Wednesday, April 08, 2009

Where Are You Big Kenny?

You'd think there was something more to John Rich's Son Of A Preacher Man after "Shuttin' Detroit Down", but the rest of the album is so bad that you'll finally realize how much you like Big Kenny.
"Shuttin' Detroit Down" is one of those guilty pleasure patriotic Country songs that you'll agree with even if you know better. Like Haggard's "Fightin' Side Of Me" or Charlie Daniels' "In America", maybe Garth Brooks' "American Honky-Tonk Bar Association", but not Darryl Worley's "Have You Forgotten?" All of which means you'll forgive Rich for dissing New York City.
But the rest of the album? Rich must think he's the smartest man in Country music right now. And this album has been programmed to the letter. Soppy love songs that his old band Lonestar would have rejected. Uptempo ones with titles like "Trucker Man", "Preacher Man" and "Turn A Country Boy On" that are as bad as they read.
A big band one and of course a death song. Humor? Let's just say that throughout the album I cried out for Big Kenny like never before. But the sloppy lyrics are really prevalent on "The Good Lord and the Man" in which Rich tells us what would have happened had we lost World War II:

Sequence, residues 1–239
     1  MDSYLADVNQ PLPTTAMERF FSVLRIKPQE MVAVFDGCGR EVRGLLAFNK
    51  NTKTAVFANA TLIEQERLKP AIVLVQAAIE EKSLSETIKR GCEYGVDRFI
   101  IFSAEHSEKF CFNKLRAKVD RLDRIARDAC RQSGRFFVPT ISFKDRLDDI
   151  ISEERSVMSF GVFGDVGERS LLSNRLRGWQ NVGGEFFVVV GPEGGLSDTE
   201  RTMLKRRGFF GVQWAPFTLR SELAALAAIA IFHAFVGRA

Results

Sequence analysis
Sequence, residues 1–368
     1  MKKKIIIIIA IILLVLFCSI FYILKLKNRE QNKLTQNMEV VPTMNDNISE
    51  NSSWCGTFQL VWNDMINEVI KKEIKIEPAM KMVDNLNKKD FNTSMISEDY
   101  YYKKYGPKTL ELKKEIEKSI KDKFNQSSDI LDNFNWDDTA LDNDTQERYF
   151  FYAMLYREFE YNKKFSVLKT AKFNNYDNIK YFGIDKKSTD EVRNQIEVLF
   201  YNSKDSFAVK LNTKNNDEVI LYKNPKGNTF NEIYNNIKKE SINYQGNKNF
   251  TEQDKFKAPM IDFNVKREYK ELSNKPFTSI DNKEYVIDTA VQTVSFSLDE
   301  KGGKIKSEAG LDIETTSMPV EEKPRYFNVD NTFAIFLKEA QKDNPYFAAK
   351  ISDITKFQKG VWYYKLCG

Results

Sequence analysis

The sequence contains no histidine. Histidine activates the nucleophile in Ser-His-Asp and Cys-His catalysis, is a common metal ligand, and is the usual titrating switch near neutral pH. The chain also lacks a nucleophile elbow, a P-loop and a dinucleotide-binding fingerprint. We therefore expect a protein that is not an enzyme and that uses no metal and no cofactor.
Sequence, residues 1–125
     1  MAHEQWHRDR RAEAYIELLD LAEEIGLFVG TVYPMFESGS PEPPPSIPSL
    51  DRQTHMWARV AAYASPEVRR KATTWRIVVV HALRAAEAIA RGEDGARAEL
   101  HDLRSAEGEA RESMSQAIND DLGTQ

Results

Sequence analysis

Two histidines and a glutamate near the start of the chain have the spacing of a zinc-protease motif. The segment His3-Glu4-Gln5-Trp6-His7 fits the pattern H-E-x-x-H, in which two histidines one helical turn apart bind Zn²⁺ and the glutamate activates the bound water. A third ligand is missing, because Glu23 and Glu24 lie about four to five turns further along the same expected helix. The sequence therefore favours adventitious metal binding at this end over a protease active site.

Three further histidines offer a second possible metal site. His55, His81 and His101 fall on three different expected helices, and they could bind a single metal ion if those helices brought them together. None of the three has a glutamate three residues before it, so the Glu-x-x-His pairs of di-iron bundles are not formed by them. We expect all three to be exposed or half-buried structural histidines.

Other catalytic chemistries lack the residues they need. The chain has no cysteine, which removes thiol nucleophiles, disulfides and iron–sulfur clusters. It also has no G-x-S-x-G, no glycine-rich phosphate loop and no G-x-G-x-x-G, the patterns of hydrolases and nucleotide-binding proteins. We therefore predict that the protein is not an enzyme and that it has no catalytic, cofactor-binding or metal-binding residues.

"Well I’m the grandson of a soldier and I’d fight the whole world over if duty called and freedoms on the line but thanks to the greatest generation and the ones still fighting for our nation I’ve never had to kill for my way of life"

Mr. Rich is 35 years old. Still young enough to suit up and fight for his Country. We've got some problems over there in that Middle East that he could take care of. Maybe he can take Lee Greenwood and Toby Keith with him.

So, buy the single and then ask yourself:
Where's Big Kenny when we need him most?
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